Rabbi Twerski brings up an interesting idea. People are always searching for God. I myself mentioned that I am continually pursuing God. Why? Is God running away from me? According to R’ Twerski, it’s the other way around. If I feel the need to pursue God, it’s because I’m the one running away from Him. If I need to search for God, it’s because I’m (futilely) trying to hide from Him. In the end, since no one can run and hide from God, all I accomplish is running and hiding from myself, and probably many other people in my life.

Serenity promotes peaceful and harmonious relationships with other people. We have often cited the verse, “As in water, face to face, so too is the heart of one person to another” (Proverbs 27:19). When you speak serenely to someone, the peaceful energy puts the other person in a better state, and usually that person will speak more pleasantly to you.

(From Rabbi Pliskin’s book, Serenity, p.17)

-Rabbi Zelig Pliskin
“Serenity Promotes Harmonious Relationships”
from “Today’s Daily Lift #234”

SpeakObviously, this won’t work in every single case, but as a general rule, how you speak to someone (or address them in other ways including digital social media) is going to have an effect on how they respond to you.

But remember that all this starts with you and how you talk to yourself.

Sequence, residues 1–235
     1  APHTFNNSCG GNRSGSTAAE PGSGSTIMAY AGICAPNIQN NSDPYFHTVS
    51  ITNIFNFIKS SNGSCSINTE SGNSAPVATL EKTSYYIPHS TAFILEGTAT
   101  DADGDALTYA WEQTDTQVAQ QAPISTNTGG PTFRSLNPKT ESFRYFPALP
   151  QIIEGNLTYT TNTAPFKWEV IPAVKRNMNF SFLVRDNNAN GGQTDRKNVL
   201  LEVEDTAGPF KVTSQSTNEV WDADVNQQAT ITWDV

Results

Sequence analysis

You are the person with whom you talk to most often. To become a serene person, consistently talk to yourself serenely.

Become aware of the tone of your voice when you speak to yourself. This often is so automatic that many people never consider it an issue. But it can be a major factor in whether or not you are usually serene.

(From Rabbi Pliskin’s book, Serenity, p.37)

-R’ Pliskin
“Speak to Yourself Serenely”
from “Today’s Daily Lift #98”

If you believe you are not a good person and that others don’t like you, chances are you’ll behave as if you’re not a good person and people really won’t like you. I’m not advocating that you become an egomaniac and think you’re the best thing God created since sliced bread, but God did create you (and me) for a reason, and He must have had a good reason for doing so.

I’ve heard it said (I can’t find the source right now) that each Jew should consider the world as having been created just for him or her. I know that sounds pretty bold, but expanding the idea to all human beings, we learn that each individual is precious to God and so we each have a very specific purpose in His design. God just didn’t create a “human herd” and relate to us only as “the masses,” God relates to us as individuals, just as He did with Adam when he tried to hide from God (or rather, from himself) in the Garden.

If each of us is that important to God, shouldn’t we treat ourselves with respect and speak to ourselves with serenity?